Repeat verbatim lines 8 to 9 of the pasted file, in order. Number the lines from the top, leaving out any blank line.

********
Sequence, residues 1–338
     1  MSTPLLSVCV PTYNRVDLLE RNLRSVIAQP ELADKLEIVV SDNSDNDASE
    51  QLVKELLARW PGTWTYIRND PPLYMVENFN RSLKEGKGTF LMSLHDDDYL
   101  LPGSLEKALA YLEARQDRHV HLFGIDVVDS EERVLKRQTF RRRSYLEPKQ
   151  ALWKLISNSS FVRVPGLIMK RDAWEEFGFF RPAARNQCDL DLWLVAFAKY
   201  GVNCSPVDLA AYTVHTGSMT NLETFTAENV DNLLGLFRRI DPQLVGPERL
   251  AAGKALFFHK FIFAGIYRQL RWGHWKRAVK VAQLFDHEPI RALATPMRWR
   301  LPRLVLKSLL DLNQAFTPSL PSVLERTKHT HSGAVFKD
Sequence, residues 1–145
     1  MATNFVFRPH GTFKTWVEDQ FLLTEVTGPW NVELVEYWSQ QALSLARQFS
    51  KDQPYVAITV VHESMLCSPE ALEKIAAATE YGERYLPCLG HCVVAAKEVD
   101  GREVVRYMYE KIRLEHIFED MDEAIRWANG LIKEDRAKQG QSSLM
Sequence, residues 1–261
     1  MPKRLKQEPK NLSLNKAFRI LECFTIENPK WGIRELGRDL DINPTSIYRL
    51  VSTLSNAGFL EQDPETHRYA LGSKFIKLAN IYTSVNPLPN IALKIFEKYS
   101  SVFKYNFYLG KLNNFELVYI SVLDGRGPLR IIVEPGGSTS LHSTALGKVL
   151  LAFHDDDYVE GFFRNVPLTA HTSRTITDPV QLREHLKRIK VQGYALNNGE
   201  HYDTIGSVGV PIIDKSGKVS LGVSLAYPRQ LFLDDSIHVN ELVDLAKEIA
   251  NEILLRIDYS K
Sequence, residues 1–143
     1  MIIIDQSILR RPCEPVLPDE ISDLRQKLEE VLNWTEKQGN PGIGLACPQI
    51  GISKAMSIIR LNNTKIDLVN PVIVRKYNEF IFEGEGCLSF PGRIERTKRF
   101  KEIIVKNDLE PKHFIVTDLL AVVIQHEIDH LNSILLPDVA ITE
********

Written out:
   301  LPRLVLKSLL DLNQAFTPSL PSVLERTKHT HSGAVFKD
Sequence, residues 1–145